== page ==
May 9, 2017 / 10:13 AM / 8 months ago

Big claims dent Munich Re's core business profit, shares fall

FRANKFURT (Reuters) - German reinsurance giant Munich Re (MUVGn.DE) posted a 20 percent fall in first-quarter profit at its mainstay property and casualty business due to several big claims, sending its shares to the bottom of Germany’s blue-chip index.

Group net profit was up 28 percent at 557 million euros ($608 million) in the three months through March, the group said on Tuesday, compared with consensus for 584 million in a Reuters poll.

Munich Re said its results kept it on track to meet its target of 2-2.4 billion euros full-year profit, which would be a fifth consecutive year of declines.

Shares in Munich Re were down 2 percent at 1000 GMT (6 a.m. ET) on Tuesday, underperforming a 0.5 percent rise in the DAX index .GDAXI.

The property and casualty reinsurance business, which accounted for around a third of Munich Re’s first-quarter gross premiums, was hit by a number of big claims from its customers, including a 100 million euro loss incurred by cyclone Debbie in Australia.

The unit’s profit fell to 340 million, also partly due to an unusual accumulation of significant but localized natural catastrophe events in the U.S., Munich Re said.

The combined ratio of the property and casualty reinsurance unit, a closely-watched measure of expenses to premium income, deteriorated to 97.1 percent from 88.4 percent a year earlier.

“The development of the normalized combined ratio shows that the five-year softening phase continues to affect margins,” Baader Bank analyst Daniel Bischof said.

Ergo, Munich Re’s troubled primary insurance division, contributed 91 million euros in profit, up from a slight loss a year ago.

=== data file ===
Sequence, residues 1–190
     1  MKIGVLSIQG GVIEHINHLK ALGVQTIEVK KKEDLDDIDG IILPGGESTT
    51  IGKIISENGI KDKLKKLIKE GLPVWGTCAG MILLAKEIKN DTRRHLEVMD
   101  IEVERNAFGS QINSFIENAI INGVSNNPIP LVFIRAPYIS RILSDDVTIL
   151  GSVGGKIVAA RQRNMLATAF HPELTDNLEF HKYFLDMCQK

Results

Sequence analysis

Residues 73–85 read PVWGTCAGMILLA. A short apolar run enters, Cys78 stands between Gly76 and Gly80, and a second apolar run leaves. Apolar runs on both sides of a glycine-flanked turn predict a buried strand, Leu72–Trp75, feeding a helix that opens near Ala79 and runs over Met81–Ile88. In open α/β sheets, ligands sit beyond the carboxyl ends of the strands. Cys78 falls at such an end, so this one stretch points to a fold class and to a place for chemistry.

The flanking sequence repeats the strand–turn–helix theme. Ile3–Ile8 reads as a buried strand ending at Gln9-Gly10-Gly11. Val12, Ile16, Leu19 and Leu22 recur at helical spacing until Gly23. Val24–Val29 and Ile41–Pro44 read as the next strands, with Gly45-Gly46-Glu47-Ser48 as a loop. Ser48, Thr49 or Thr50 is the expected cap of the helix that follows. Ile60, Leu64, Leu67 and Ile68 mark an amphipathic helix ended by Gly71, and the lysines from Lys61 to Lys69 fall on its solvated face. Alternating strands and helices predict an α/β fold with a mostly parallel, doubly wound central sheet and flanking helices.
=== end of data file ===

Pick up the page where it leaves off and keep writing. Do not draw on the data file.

Chief Financial Officer Joerg Schneider said the unit was sticking to a 2017 profit target of 150-200 million euros.

    Munich Re said the primary insurance division’s result was in line with expectations, and the unit’s recuperation could help ease the concerns of disgruntled shareholders who worry that Ergo is a drag on the core reinsurance business.

    Low interest rates and sliding reinsurance prices have eroded profits in recent years. Munich Re suggested this could improve.

    “We welcome the turnaround in interest rates in the USA, and hope that the ECB will also return to sustainable monetary policy,” Schneider said in a statement. “Pressure on prices in reinsurance has eased off considerably.”

    Munich Re hopes that its digital initiatives, such as insurance against cyber risks, will help its bottom line in the coming years. Investors have complained innovation is not yet paying off.

    Reporting by Tom Sims; Editing by Maria Sheahan and Susan Thomas

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